The article, under the heading “Inheriting from the kids,” was inspired by the personal experience with my own mother, who lived to the age of 96. A ‘home-maker’ for most of her adult life, she not only outlived my father by 40 years, but also the ‘retirement provision’ they had made, by quite a stretch, and the children had to club in to look after her.

The transition society finds itself in, to an age, in the words of Cairns, where “… retirement as an event is falling away. At the age of 65 many people are still as mentally fit as they were at 20, and they need some sense of purpose to keep them going.”

According to him “as this increasingly becomes the norm, reaching ‘retirement age’ will no longer be seen as an endpoint. Instead it will be seen as a time at which we transition to a new kind of life, perhaps where we slow down a little or attempt something new, but one where we still see ourselves as working in some way.”

Caught in the middle

This, however is easier said than done. It is usually those caught up in middle of the transition phase from one socio-economic epoch to another, that bears the brunt of the disruption that almost without fail accompanies it

In this instance, spare a thought for the so-called baby boomers, the generation born in the 15 to 20 years after World War II, now between their early fifties – feeling the pressure for early retirement – and approaching their early seventies – trained and experienced in a bygone technological era, and outliving their lives savings.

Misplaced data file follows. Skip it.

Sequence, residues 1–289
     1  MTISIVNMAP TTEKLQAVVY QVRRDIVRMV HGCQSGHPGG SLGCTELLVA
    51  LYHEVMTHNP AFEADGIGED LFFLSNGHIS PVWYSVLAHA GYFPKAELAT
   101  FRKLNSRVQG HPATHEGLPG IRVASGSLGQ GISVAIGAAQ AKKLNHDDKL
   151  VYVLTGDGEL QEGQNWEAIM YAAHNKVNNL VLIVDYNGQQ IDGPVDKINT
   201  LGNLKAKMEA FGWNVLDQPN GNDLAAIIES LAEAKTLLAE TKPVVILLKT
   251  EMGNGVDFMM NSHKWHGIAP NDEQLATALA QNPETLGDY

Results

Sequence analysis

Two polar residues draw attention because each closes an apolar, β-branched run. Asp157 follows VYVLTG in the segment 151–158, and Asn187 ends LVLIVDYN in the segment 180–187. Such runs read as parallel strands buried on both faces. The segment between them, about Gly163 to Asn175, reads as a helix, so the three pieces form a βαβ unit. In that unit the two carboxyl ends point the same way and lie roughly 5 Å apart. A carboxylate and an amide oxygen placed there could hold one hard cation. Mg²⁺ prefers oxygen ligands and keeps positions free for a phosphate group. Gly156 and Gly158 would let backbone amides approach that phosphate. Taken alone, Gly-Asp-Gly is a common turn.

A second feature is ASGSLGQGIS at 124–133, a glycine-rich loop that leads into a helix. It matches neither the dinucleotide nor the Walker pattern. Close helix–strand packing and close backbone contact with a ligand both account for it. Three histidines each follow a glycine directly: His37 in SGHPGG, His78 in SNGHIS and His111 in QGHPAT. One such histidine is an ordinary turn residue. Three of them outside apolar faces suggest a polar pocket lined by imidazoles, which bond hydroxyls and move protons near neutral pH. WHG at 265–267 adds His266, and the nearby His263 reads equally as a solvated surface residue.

Let’s illustrate it with a real-life case study of Mr. X who just turned 70. He had to retire early in his early fifties from his first career.

The retirement package included, what at the time, was a handsome pension, life-long medical aid membership, – to which he still has to contribute – and three retirement annuities to which he contributed for thirty years plus.

Mr. X, almost immediately on retirement, embarked on a second career, but employed as a temporary employee. However, the income added handsomely to his monthly pension.

And then, age 65 arrived. Mr X was told that it is the company’s mandatory age for retirement, and laid off.  

Five years later, and 18 years after the original pension kicked in, inflation has eaten away at least a third of the pension’s purchasing power, 10% of it goes towards the medical aid contribution, and of the annuity payments from a lifetime of savings, two thirds go to the receiver of revenue because it is just enough to lift Mr. X into a higher tax bracket.

To add insult to injury, government is now planning to take away the tax rebate for medical aid contributions.

Many baby boomers seem to be caught between a rock and a hard place.

However, there are also the success stories. Like another friend, who turned a life-long hobby, making wood furniture, into a successful business and a second career. It would seem that the sooner retirement planning becomes planning and preparing for, a second – later life – career, the better the change for a comfortable, and dignified phase in the final days of life.  

by Piet Coetzer